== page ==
Ocean sunfish (Mola mola) necropsy

On August 19th 2013, an ocean sunfish (Mola mola) washed ashore Bar Road, St. Andrews, New Brunswick, Canada.
Tracey Dean, the education director at the Huntsman Marine Science Centre (HMSC), and myself drove down to see the fish in the afternoon. Lou Van Guelpen, the Curator of Fishes at the Atlantic Reference Centre, was on-site taking measurements. He estimated the fish to weigh 350 lbs.
A resident on the street, Henry Clark, offered to use his tractor to move the fish to HMSC. The evening, he placed the fish onto a wooden pallet, and covered it for the night.

Henry's tractor with the ocean sunfish on a wooden pallet. Photo taken by Dr. Catherine Hood 19/08/13
Henry’s tractor with the ocean sunfish on a wooden pallet. Photo taken by Dr. Catherine Hood 19/08/13

That night, the 21 students of the Biology of Marine Mammals course, and the instructors, Dr. Catherine Hood and myself (Amanda Babin) begun preparing for the necropsy, researching the species’ anatomy and separating into teams for efficiency. The teams were as follows:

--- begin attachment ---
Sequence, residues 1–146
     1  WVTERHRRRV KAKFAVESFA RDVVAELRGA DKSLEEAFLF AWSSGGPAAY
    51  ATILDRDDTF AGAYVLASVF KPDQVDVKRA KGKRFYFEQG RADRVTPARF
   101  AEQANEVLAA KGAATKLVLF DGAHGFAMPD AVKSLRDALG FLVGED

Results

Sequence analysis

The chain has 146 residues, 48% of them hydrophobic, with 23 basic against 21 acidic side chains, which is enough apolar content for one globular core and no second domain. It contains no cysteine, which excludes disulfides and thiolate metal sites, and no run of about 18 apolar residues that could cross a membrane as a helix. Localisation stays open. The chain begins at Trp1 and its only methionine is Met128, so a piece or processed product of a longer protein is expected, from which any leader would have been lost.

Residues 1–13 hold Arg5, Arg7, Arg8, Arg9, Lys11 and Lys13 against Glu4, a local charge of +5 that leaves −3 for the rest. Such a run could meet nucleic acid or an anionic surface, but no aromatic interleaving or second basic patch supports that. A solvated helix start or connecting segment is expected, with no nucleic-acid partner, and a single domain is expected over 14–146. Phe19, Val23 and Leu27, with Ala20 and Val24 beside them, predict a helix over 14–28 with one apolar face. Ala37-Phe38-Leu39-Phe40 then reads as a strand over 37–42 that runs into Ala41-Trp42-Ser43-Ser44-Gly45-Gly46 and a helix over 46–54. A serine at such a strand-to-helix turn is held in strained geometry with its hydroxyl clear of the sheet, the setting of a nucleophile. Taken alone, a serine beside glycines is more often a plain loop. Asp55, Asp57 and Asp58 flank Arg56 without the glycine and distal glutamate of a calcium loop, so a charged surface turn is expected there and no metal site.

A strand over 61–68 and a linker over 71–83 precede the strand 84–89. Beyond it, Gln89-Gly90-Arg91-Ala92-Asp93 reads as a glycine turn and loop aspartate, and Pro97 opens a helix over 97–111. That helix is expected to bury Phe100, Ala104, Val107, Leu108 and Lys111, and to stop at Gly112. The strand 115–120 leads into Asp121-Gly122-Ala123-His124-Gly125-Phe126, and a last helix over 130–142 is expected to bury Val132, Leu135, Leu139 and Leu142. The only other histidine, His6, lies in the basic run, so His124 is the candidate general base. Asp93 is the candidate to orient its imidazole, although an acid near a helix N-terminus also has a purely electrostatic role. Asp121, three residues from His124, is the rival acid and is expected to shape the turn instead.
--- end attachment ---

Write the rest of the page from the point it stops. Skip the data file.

Head (eye, brain, teeth) – Brittany Barbeau, Katheryn Kastner, Megan Mickle, Jaimie Wylie
Circulatory system (gills, heart) – Emily Guevara
Internal organs (liver, gall bladder, intestines, stomach) – Ashley Tang, Minh Thu Le, Julia Schertzer, Nour Zein
Documenters (photos, videos, sketches) – Melanie Badea, Tom Freeman, Rachel Gould, Alex MacKinnon, Yifu Wang, Sophie Wolvin

The HMSC team moving the ocean sunfish into the necropsy site, showing Tom Freeman as videographer. Photo taken by Alex MacKinnon 20/08/13
The HMSC team moving the ocean sunfish into the necropsy site, showing Tom Freeman as videographer. Photo taken by Alex MacKinnon 20/08/13

The next morning, August 20th 2013, at 8:30am, the fish was moved onto the back of an HMSC truck, and transported to the moose pasture behind the HMSC facilities. With much effort, the fish and pallet were pushed and pulled off the truck into the hole dug into the sand by the students.

Ocean sunfish being put into a sand hole behind HMSC facilities. Photo taken by Alex MacKinnon 20/08/13
Ocean sunfish being put into a sand hole behind HMSC facilities. Photo taken by Alex MacKinnon 20/08/13

Dissecting tools were gathered from the people around the facilities, and the necropsy began at 9:30am.

Necropsy:
I began by taking body measurements of the sunfish:
Dorsal fin to anal fin – 238 cm
Clavus to snout – 183 cm